HIS knees are "crook" and he relies on two walking sticks to get about his farm north of Walpole and sheep dog trials arenas all over the country, but Tony Boyle, 74, still classes his own wool clip every year.
He also classes a few wool clips for other farmers on the south coast - generally for part-time farmers with small flocks - but it keeps his eye and hand in on the appearance and "handle" of wool.
Mr Boyle has been a registered wool classer for coming up on 50 years - he earned his classer's certificate in August, 1970, just seven years after the formal qualification was introduced.
In August Mr Boyle will become a member of an elite coterie that few in the modern wool industry will ever have a chance to join.
To commemorate his achievement Australian Wool Exchange (AWEX) is planning to send Mr Boyle a commemorative 50-year wool stencil and a certificate of recognition.
His name will also be added to an AWEX register of wool classers with more than 50 years' service to the industry.
Mr Boyle's family has a heritage in wool - his brother Don from Broomehill and nephews Brendan and Damien are all champion shearers, but he chose a slightly less strenuous career connection with wool.
He grew up in a large family in the Central West of New South Wales and as a teenager enrolled to do a wool classing course at Grenfell TAFE, 370 kilometres west of Sydney,
For a year, once a week he rode his pushbike 80 kilometres to attend TAFE and then back home again the next day.
But part way through his course the family moved to Western Australia and he had to transfer to Albany.
"It was a totally different course, it was four years in NSW and only three years here, but what I'd learned already at Grenfell TAFE helped me get through," Mr Boyle recalled.
The next problem came when he finished the theory part of his course.
To graduate as a qualified and registered wool classer he had to work for 16 weeks under the supervision of a registered wool classer.
"Because the qualification was relatively new to WA in those days, there weren't many of them (registered wool classers) around," he said.
"Most of the classers were reputation boys (experienced but unqualified classers who were employed on shearing teams on the strength of their reputation)."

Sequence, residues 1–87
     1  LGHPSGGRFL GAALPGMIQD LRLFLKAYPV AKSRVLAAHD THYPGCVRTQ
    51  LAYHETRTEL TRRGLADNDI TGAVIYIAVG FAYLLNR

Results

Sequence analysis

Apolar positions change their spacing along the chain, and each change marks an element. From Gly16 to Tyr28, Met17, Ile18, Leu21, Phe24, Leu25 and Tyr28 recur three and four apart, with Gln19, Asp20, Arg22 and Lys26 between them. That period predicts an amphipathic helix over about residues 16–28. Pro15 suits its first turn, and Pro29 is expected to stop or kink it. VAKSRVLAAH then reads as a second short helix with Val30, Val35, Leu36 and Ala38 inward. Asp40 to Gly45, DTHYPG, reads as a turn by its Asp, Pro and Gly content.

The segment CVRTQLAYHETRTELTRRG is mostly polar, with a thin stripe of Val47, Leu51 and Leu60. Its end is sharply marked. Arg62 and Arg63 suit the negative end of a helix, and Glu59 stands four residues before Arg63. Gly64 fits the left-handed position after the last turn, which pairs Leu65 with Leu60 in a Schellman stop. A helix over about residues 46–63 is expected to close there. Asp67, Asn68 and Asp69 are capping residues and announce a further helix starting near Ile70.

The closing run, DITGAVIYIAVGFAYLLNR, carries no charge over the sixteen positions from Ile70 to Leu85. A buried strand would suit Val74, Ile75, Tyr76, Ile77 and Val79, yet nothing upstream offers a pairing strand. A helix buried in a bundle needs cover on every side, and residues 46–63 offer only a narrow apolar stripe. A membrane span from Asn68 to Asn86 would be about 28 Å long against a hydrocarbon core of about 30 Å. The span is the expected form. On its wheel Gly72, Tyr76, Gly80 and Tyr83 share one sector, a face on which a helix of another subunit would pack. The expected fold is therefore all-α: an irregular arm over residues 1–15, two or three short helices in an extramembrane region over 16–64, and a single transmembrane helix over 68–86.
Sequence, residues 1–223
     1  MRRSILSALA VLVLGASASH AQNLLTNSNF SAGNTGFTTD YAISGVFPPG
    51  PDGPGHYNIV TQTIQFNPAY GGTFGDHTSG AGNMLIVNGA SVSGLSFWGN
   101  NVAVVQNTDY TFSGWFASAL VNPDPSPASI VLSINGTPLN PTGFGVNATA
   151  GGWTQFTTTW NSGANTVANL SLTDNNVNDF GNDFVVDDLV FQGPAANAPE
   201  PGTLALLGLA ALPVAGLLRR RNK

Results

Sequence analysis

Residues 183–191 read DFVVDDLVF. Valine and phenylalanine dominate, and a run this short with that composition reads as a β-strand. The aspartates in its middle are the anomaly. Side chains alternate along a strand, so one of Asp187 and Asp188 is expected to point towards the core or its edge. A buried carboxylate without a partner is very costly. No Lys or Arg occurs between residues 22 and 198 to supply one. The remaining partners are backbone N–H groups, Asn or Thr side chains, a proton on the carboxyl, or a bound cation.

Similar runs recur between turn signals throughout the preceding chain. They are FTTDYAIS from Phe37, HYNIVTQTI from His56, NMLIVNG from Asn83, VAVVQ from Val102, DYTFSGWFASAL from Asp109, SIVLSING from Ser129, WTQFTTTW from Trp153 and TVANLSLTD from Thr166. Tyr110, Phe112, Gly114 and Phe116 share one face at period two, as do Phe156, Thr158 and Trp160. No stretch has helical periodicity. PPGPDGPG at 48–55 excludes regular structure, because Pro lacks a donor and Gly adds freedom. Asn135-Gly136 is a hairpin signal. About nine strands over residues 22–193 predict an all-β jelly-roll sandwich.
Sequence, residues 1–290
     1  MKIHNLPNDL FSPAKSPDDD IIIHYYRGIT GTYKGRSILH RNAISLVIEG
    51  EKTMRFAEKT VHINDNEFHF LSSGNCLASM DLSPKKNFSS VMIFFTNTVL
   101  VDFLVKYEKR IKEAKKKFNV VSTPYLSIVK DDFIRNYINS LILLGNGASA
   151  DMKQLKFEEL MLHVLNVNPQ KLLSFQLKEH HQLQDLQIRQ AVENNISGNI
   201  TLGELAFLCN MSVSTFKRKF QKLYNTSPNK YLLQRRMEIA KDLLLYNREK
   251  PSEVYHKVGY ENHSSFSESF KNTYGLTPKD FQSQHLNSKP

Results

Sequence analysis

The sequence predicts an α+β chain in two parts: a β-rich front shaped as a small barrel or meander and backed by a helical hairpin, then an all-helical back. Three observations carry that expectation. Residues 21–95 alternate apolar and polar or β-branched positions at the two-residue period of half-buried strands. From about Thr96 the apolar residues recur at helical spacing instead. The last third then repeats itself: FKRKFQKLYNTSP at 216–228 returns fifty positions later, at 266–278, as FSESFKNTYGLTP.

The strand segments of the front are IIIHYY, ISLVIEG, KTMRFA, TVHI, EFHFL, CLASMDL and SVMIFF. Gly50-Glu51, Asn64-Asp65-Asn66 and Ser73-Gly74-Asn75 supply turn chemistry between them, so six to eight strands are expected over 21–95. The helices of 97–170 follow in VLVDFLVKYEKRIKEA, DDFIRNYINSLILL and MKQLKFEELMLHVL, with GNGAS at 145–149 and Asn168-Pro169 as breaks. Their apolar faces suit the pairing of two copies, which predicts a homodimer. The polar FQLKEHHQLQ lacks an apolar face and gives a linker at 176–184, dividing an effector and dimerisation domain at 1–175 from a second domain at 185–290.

But he eventually found two old-timers, Len Ford who had been head of Dalgety's wool store in Fremantle and Harry Simpson in Albany, who helped him out and taught him much about wool.
He started out "piece picking" - working on the skirting table in shearing sheds removing loose, stained or dirty pieces of wool from around the edge of the fleece.
"I was picking pieces for an eight stand (shearing) team and then I went off as a registered classer," Mr Boyle said.
"I did that (wool classing) for 25 years full-time.
"I went all over Australia doing it - it was a case of put your hat on and you're home."
In January 1975 he got one of the last conditional purchase bush blocks of land available in the Walpole region and set about clearing his 351 hectares at weekends.
He married Jennifer the following year and when enough area was cleared to farm, the property became their home base.
Having a rural home base also allowed Mr Boyle to develop his passion for working dogs.
He has bred and sold working dogs for 35 years - mainly border collies and huntaway-kelpie crosses - and trialled them in every State except Tasmania, as well as in New Zealand, with much success.
Boylee Sugar was a Dog of the Year in WA and her daughter and Mr Boyle's current main trials dog Boylee Midget was runner up in the State championships.
After a battle with cancer 12 years ago Mr Boyle depends on his dogs to help run the farm.
"I couldn't do it without them," he said.
"I still run 1200 ewes - it used to be a lot more but I can't get about now like I used to."
He has responded to AWEX's offer of a special stencil and certificate and is rightly proud of his achievement.
AWEX chief executive officer Mark Grave said the wool classer registration scheme started in 1963.
"The wool classer registration program was launched in the Eastern States and over the next two years became a national program promoting excellence, professional standards and established Australia's reputation for producing and preparing the best wool in the world," Mr Grave said.
"Other countries have tried to emulate this but have not been able to achieve it.
"Over the years Australia's preparation standards have become the benchmark for the global industry and in many ways they have continued to build on this over the past 50 plus years.
"AWEX has a total of 430 wool classers who have achieved the 50-year milestone, including the 1970 cohort.
"Most are still actively classing today.
"In WA there are 21 wool classers who have reached this milestone and as an industry we are indebted to their commitment and passion for their industry," he said.